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A factory town — but with no more factories

A factory town — but with no more factories

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BASSETT — Organizers of Saturday’s 20th annual Bassett Heritage Festival had the bands hired and the details plotted out: For the first time, the festival would be held on land where the first Bassett Furniture Industries factory once stood, back when it was this small unincorporated town’s reason for being.

Old-timers still call that 1902 plant “Old Town,” even though it closed in 1989, the first Bassett factory to fall as imports from Asia decimated Southern furniture- and textile-making, wiping out almost half of the jobs in Martinsville and Henry County alone.

The festival recalls that furniture-making heritage and is a chance for the retirees and displaced workers who make up most of Bassett’s dwindling population to gather, and ex-pats too. Supporters also aim to show visitors and prospective businesses that there is life after globalization — life after all the factories that once stitched this small factory town together.

But this year came a glitch: Someone stole the trailer containing all the cookers used to make the festival’s signature pancake breakfast, some $6,000 worth of grills, pancake mix and equipment.

“It was the weekend of the Hillsville” flea market, said Betty Scott, one of the Stanleytown Ruritan Club leaders who heads festival planning. She believes someone with a truck hitch snagged the unmarked trailer from the parking lot of the Stanleytown United Methodist Church and drove off with the intention of selling it — and more — at the flea market.

Theft and property crimes have paralleled the climbing unemployment rate in the region, the highest in Virginia for nearly the entire past decade. The J.D. Bassett plant, in fact, was set on fire in 2011 by a man attempting to steal copper wiring to sell, and last year the Bassett Family Cemetery was pilfered by thieves stealing metal adornments from the furniture founders’ marble mausoleum.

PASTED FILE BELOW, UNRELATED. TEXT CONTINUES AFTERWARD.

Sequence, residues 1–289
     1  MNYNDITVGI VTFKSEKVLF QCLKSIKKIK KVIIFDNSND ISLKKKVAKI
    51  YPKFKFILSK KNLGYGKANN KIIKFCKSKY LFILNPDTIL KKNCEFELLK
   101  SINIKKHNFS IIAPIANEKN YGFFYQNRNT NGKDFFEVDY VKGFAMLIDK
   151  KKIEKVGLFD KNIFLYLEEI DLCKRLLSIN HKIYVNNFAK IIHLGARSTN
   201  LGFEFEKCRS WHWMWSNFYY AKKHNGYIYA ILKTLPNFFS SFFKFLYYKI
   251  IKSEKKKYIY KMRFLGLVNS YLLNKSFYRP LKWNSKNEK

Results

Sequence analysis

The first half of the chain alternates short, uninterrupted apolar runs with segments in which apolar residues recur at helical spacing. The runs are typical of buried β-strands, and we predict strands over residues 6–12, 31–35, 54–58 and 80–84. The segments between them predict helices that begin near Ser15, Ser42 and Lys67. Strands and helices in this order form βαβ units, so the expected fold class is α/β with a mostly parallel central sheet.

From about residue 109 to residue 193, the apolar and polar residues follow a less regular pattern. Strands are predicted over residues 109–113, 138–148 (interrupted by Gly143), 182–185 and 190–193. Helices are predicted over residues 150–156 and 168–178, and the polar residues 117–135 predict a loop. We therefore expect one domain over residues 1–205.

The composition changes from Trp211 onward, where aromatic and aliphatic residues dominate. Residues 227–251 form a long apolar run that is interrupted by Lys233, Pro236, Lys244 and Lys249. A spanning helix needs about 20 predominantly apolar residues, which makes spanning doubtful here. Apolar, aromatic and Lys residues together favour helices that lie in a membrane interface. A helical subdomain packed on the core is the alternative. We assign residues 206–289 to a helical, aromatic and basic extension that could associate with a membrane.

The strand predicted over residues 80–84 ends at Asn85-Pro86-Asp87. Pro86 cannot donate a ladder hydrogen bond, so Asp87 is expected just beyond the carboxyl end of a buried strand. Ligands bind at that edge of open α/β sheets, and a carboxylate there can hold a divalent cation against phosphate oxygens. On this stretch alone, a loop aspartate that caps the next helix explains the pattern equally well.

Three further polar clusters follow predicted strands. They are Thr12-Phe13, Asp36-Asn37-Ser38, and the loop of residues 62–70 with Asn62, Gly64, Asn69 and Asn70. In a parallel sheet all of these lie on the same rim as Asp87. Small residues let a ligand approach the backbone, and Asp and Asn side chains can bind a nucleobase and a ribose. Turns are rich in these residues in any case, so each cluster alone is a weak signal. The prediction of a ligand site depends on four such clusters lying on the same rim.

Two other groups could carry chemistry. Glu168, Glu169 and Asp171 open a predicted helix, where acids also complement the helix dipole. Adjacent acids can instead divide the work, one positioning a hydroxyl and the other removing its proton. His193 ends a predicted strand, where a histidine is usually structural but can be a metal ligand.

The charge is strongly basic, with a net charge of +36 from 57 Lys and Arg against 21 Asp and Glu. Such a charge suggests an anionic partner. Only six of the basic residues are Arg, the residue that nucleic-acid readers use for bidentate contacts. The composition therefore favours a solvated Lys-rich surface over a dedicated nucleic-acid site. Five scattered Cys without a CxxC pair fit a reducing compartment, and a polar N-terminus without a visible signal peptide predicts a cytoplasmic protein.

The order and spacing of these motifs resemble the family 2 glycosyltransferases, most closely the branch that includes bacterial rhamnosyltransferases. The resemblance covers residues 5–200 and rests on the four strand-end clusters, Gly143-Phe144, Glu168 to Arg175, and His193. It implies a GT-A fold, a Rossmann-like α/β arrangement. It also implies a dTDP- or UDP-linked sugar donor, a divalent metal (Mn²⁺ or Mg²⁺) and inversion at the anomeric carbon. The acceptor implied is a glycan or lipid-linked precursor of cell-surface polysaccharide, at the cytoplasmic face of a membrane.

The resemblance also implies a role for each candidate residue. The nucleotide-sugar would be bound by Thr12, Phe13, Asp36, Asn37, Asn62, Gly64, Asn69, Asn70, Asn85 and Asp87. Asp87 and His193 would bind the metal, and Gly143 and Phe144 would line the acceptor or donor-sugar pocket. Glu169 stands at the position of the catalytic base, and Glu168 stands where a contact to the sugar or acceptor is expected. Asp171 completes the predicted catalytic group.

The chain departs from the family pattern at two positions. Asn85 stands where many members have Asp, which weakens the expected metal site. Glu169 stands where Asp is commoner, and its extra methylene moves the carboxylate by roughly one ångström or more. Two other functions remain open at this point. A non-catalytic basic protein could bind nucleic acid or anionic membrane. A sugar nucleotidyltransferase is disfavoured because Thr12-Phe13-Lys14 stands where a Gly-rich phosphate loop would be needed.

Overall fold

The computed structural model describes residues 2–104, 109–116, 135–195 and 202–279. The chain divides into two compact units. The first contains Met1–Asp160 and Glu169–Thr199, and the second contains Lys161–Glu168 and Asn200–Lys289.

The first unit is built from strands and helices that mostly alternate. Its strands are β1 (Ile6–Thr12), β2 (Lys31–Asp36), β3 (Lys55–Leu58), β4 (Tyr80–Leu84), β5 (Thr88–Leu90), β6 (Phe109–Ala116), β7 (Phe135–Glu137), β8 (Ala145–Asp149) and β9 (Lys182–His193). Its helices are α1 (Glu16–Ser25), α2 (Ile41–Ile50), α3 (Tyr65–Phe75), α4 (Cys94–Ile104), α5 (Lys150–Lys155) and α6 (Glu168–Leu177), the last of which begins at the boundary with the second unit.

But as Scott and other community leaders eager to revive the dying town point out, hope and elbow grease can turn things around. An article about the trailer theft in the Martinsville Bulletin unleashed a host of calls from people and organizations eager to step in with loaner grills and supplies.

The show at Old Town will indeed carry on, starting with pancakes at 7 Saturday morning, followed by music, more food and entertainment, and class reunion activities for graduates of the old John D. Bassett High. History displays in the old train depot will spotlight life in the former factory town, once home to the largest furniture-making operation in the world.

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How does a town one-third its former size carry on? Barber Coy Young opens his shop most mornings at 5:30 a.m. so people commuting outside the county to their jobs — which roughly half the work force does now — can get their haircuts en route to work.

On Thursdays from May to October, musicians play at a weekly farmer’s market, where women sell pickles, plants and fried pies in the old train depot. The market’s coordinated by volunteer Ruby Dillon Davis, who’s a Bassett founder descendant, and her husband, Matt.

To power the town’s streetlights, which used to be provided by Bassett Furniture, volunteers now pitch in, pooling resources to gather $720 per streetlight per year. They also make sure the grass along the Fairystone Highway main drag gets cut.

Retirees gather to walk at the old John D. Bassett High School, now a medical-records storage facility called Eastern Microfilm Imaging, operated by graduate David Wright (class of 1960), who regularly opens the gym up for exercise and serves free food that he often prepares himself. Wright also runs food and clothes banks from the building.

Across the street from EMI, people congregate to talk and do genealogy research at the Bassett Historical Center, which is next to the Smith River that bisects the town.

At the heritage festival, former factory workers gather who haven’t seen each other in years — or at least since the last festival.